In 2020 household lending went up by 2.3%, with housing loans increasing by 7-8%. In Q4 alone, housing loans were up 14% on the year, while non-purpose cash loans dropped by 1% and overdrafts on transaction accounts by 5%.

Adrović said he believed that corporate and household lending would pick up in the coming period due to a rise in demand for housing loans. Part of the demand comes from the government's subsidised housing scheme and it is also due to last year's earthquakes, he added.

This year demand for housing and corporate loans is expected to improve and, thanks to existing interest rates, result in higher income and net profit for banks, Adrović said.

Last year corporate loans went up 5.3% while this past January they increased by 5.7%, he added.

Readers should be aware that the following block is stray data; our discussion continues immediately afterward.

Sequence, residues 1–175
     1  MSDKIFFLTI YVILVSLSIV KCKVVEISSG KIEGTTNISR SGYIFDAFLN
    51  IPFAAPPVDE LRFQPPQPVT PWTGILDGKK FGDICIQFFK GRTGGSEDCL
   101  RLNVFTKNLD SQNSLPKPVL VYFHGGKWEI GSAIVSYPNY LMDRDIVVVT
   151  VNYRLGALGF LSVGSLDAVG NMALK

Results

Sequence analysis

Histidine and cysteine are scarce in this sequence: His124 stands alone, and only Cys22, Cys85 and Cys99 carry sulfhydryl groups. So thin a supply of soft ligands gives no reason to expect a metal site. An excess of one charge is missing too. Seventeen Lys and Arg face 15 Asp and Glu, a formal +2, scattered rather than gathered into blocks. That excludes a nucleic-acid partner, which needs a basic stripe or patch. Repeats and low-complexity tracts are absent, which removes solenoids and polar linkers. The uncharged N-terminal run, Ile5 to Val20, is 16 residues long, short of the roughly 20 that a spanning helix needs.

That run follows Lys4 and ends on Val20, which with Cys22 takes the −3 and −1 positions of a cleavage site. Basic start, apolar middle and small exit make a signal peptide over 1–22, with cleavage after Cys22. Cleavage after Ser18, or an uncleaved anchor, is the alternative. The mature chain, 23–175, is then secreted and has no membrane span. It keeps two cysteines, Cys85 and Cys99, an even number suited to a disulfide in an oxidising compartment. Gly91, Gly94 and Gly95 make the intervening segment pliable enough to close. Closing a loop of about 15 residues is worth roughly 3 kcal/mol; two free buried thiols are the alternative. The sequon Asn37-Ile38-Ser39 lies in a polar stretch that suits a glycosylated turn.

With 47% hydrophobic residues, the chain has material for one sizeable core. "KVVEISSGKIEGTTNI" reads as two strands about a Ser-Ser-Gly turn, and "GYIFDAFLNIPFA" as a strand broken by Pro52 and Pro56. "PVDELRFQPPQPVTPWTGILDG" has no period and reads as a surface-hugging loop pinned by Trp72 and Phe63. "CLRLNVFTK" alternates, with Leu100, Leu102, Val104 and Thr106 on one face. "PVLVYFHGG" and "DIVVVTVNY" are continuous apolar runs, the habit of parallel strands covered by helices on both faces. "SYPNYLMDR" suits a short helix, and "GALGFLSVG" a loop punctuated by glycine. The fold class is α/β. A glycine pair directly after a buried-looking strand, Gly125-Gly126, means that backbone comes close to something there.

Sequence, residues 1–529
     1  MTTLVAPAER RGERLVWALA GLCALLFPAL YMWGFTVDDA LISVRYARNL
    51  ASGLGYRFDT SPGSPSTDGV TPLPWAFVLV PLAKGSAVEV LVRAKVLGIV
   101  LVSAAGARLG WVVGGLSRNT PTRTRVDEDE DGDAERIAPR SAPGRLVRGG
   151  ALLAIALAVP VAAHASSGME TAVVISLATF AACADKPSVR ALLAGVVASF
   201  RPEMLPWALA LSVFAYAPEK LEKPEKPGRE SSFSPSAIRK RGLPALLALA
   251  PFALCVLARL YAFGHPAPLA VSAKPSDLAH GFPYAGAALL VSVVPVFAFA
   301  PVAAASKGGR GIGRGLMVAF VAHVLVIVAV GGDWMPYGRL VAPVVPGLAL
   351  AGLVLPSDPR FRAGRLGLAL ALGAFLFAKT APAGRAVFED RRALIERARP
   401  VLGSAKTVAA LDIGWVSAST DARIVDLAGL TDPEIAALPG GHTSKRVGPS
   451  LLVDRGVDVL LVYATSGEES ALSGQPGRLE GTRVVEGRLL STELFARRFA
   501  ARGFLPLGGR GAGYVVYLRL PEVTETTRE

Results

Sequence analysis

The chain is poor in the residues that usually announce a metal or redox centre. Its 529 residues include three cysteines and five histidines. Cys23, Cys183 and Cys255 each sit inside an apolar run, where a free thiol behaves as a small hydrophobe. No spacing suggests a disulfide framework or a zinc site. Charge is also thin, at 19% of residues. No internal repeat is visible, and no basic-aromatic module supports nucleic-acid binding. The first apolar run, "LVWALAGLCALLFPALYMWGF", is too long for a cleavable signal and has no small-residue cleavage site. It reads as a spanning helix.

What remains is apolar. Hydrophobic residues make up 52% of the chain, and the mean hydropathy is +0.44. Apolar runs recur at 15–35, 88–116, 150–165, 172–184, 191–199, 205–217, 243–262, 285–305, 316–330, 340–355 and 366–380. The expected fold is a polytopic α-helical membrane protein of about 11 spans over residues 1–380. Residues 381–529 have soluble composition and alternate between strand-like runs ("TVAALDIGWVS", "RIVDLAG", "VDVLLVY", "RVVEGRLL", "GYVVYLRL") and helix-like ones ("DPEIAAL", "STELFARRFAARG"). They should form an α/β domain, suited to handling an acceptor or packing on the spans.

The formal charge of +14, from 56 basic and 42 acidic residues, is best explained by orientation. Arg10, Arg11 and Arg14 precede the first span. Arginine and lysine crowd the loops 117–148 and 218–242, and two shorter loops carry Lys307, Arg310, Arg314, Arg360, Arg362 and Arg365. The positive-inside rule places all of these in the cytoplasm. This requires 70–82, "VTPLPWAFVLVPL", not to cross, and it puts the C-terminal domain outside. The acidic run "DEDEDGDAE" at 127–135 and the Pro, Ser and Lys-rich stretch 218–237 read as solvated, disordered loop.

Thanks to an average interest on long-term housing loans of 2.9% and no big pressure on interest growth, Croatia is doing very well, he said, noting that interest rates were markedly lower than in more developed countries which have been in the EU longer than Croatia, such as the Czech Republic, Hungary and Latvia.

(€1 = HRK 7.5)

Saturday, 23 January 2021

COVID Pandemic Identified as Top Business Risk in Croatia

ZAGREB,  23 January, 2021 - The COVID-19 pandemic is perceived as the top business risk in Croatia in 2021, cyber incidents rank second, while changes in legislation and regulations and lack of skilled labour force share the third place, according to the Allianz Risk Barometer.

The tenth annual edition of the barometer, issued recently, is based on the findings of a survey conducted by Allianz Global Corporate & Specialty (AGCS) following interviews of 2,769 specialists and experts from 92 countries and territories. Some of the respondents are Chief Executive Officers, risk consultants, underwriters, senior managers, claims experts in the corporate insurance segment of Allianz Global Corporate & Specialty and other Allianz entities.

The survey was conducted in Croatia before the 29 December devastating earthquake in the Petrinja region.